MIA impacts brain function in a circuit-specific manner and interacts with other risk factors for SCZ. These early immune insults can elicit a vast array of phenotypes in mice that are relevant to SCZ and ASD, including abnormalities in ultrasonic vocalization and sociability, increased repetitive behaviors, motor dysfunction, and deficits in sensorimotor gating and cognitive abilities such as working memory (Knuesel et al., 2014; Fernández de Cossío et al., 2017; Pendyala et al., 2017; Shin Yim et al., 2017). Some of these behavioral effects are sex-dependent (Haida et al., 2019). MIA-induced behaviors were accompanied by changes in specific brain areas such as altered hippocampal volume and cortical thickness, and changes in synaptic density and proteins (Estes and McAllister, 2016; Fernández de Cossío et al., 2017), which are also observed in SCZ (Glantz and Lewis, 2000; Hui et al., 2018; Onwordi et al., 2020). Alterations in amygdala-cortical circuitry have been implicated in SCZ (Benes, 2010) and a recent study showed that MIA enhances glutamatergic neurotransmission between these circuits by increasing synaptic strength in the exposed offspring (Li Y. et al., 2018). An exciting development in this field showed that MIA-induced deficits in neurodevelopment depend on inflammatory signaling through the maternal microbiome (Kim et al., 2017). MIA via LPS also disrupts BBB function by increasing its permeability, thus promoting neuroinflammation (Estes and McAllister, 2014; Simões et al., 2018). However, there is also evidence for no change in BBB permeability after MIA induced via poly(I:C) in mice (Garay et al., 2013), suggesting immunogen-dependent effects. These differences also emphasize the variability of MIA animal models and the need for experimental standardization.
Given that microglia are the primary innate immune cells of the brain, they provide rapid responses to immune insults and are greatly affected by systemic inflammation. MIA exerts its effects on neurodevelopment largely by disrupting microglial function and by priming them for altered responses later in life. Changes in the density of microglia are found in early postnatal MIA offspring in multiple cortical and subcortical regions including the anterior cingulate cortex, striatum and hippocampus (Zhang et al., 2018). Microglial involvement in MIA effects is evident through an increase in cytokine and chemokine signaling, in mouse hippocampus and basal forebrain, during late fetal development in response to either LPS (Schaafsma et al., 2017) or poly(I:C) (Pratt et al., 2013). A recent study showed that an MIA mouse model induced at embryonic day 9.5 with poly(I:C) led to an increased density of a pathological microglial subtype, called dark microglia, in the hippocampus of male versus female offspring (Hui et al., 2018). Dark microglia are almost exclusively observed in disease states or in aged animals, and exhibit greater levels of oxidative stress and hyper-ramified processes in closer proximity to synapses than typical microglia (Bisht et al., 2016). These studies highlight the ability of MIA to alter microglial state and function.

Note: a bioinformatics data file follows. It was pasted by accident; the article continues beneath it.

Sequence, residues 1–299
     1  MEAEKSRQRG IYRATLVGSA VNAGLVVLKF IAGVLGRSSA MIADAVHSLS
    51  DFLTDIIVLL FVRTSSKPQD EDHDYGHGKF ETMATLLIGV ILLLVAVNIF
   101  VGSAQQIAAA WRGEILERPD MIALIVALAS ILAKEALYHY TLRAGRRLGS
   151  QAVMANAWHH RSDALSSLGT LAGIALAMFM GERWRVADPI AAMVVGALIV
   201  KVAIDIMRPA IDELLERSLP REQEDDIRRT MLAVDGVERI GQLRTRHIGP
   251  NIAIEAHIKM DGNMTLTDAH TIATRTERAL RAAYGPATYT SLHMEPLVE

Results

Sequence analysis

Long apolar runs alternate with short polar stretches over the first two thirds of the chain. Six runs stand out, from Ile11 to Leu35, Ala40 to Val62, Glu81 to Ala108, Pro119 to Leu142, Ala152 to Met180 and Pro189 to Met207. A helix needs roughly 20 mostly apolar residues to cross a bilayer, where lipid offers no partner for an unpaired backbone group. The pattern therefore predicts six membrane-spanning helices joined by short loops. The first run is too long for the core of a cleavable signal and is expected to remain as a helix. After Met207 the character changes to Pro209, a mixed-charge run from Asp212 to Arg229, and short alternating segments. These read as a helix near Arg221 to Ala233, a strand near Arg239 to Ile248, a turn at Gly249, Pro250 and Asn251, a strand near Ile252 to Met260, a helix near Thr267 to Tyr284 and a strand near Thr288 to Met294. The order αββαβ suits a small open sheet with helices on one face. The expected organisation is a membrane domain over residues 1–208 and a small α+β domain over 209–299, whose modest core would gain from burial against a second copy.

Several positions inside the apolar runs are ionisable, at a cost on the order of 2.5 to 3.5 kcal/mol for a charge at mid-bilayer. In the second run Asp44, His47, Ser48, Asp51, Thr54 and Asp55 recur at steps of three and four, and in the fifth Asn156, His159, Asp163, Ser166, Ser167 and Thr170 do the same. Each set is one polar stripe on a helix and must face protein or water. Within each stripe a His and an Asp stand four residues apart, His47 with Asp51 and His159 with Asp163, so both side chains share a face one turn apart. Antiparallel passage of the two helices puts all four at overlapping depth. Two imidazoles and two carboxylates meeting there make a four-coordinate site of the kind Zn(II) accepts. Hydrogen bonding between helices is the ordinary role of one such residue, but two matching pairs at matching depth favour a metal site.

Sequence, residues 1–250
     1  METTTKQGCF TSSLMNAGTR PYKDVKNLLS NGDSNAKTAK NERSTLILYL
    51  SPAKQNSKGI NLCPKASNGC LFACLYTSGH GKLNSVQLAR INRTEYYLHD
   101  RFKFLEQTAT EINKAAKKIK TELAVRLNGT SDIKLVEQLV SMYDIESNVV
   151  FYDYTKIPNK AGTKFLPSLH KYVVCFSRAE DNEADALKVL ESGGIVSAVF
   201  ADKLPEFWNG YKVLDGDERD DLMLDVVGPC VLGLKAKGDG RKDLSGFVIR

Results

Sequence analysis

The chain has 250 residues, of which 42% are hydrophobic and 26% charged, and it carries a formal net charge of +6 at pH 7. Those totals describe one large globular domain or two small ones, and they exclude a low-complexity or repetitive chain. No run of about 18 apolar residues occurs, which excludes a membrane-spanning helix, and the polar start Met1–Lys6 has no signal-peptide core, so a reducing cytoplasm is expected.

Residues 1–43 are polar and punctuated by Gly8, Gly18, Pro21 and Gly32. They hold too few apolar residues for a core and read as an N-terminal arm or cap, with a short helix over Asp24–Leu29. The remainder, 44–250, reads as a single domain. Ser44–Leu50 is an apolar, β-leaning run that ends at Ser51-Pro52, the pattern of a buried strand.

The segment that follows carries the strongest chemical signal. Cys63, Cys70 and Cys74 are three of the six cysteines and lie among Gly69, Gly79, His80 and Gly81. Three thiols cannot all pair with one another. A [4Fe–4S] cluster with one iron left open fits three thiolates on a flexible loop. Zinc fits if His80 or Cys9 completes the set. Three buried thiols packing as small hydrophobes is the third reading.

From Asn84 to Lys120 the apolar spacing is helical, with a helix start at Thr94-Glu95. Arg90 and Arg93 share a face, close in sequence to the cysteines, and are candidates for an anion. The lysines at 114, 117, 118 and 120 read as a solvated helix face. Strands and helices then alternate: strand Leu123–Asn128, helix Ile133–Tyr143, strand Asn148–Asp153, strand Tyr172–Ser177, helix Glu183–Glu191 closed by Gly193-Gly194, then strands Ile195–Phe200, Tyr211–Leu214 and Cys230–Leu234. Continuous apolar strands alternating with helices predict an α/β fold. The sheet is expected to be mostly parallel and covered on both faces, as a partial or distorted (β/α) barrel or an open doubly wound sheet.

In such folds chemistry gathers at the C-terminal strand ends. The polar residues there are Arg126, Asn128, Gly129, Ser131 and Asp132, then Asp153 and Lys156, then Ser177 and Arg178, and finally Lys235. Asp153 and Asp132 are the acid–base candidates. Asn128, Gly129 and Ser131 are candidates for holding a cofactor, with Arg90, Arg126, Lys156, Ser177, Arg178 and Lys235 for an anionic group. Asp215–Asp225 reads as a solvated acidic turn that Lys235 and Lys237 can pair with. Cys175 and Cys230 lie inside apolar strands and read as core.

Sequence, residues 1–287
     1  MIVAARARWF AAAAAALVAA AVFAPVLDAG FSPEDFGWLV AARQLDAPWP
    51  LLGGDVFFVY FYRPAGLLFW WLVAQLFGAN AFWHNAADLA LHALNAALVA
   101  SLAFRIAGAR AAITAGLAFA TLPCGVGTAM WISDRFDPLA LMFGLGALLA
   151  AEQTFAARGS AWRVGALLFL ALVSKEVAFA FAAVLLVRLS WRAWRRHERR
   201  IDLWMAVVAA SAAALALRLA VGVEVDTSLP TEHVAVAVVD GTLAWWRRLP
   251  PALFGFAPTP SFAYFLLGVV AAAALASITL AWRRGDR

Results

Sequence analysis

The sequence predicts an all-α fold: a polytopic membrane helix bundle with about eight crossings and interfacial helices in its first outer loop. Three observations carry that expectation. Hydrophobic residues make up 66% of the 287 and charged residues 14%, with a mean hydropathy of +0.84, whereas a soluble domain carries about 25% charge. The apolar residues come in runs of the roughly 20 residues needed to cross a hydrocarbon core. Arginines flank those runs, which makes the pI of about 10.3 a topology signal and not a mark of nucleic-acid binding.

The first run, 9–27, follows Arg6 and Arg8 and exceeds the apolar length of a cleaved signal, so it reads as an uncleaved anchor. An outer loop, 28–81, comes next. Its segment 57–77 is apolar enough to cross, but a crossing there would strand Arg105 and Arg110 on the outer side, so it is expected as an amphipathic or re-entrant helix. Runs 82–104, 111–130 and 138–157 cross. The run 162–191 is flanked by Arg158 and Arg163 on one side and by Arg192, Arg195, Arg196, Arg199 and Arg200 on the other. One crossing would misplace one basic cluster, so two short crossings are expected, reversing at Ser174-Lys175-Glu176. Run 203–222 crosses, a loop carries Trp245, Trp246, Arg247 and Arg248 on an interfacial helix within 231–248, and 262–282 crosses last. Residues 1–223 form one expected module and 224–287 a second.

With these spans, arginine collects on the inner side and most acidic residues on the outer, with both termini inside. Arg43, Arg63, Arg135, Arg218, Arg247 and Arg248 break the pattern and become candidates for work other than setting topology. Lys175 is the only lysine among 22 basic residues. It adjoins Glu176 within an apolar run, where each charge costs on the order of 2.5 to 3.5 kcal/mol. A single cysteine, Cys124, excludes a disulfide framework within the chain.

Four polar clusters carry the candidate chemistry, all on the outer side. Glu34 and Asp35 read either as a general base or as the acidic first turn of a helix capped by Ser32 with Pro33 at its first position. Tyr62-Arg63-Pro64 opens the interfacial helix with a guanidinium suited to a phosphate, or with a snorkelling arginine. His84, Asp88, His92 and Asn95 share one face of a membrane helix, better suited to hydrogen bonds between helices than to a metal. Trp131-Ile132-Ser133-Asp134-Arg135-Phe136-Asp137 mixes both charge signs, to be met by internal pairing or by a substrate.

Moreover, MIA in mice alters the transcriptome and phagocytic activity of microglia in offspring (Mattei et al., 2017). Specifically, hippocampal microglia from male poly(I:C) mice displayed a downregulation of genes that encode cell surface receptors associated with phagocytosis (P2ry6, Sirpa, Siglece, Cx3cr1, Fcgr1, Itgav) (Mattei et al., 2017). These receptors are important components of the microglial ‘sensome’, which contribute to the regulation of microglia-neuron interactions and are important for the engulfment of neuronal material (Mattei et al., 2017; Hickman and El Khoury, 2019; Figure 2). Inflammatory abnormalities, such as increased levels of SERPINA3, TNFα, IL-1β, IL-6, and IL-6ST, have been observed in the ventral midbrain in post-mortem SCZ tissue, and these results were also replicated in an MIA mouse model (Purves-Tyson et al., 2019). Importantly, these differences in immune markers from SCZ tissue could be accounted for by a subset of cases, including about 45% of high inflammatory cases. The ventral midbrain houses the majority of dopamine-releasing neurons in the brain, therefore MIA might contribute to SCZ pathology by disrupting immune-mediated wiring of dopaminergic circuits (Purves-Tyson et al., 2019). These findings are important because they link SCZ-associated neuroinflammation to dopaminergic abnormalities, which are a hallmark of this disorder.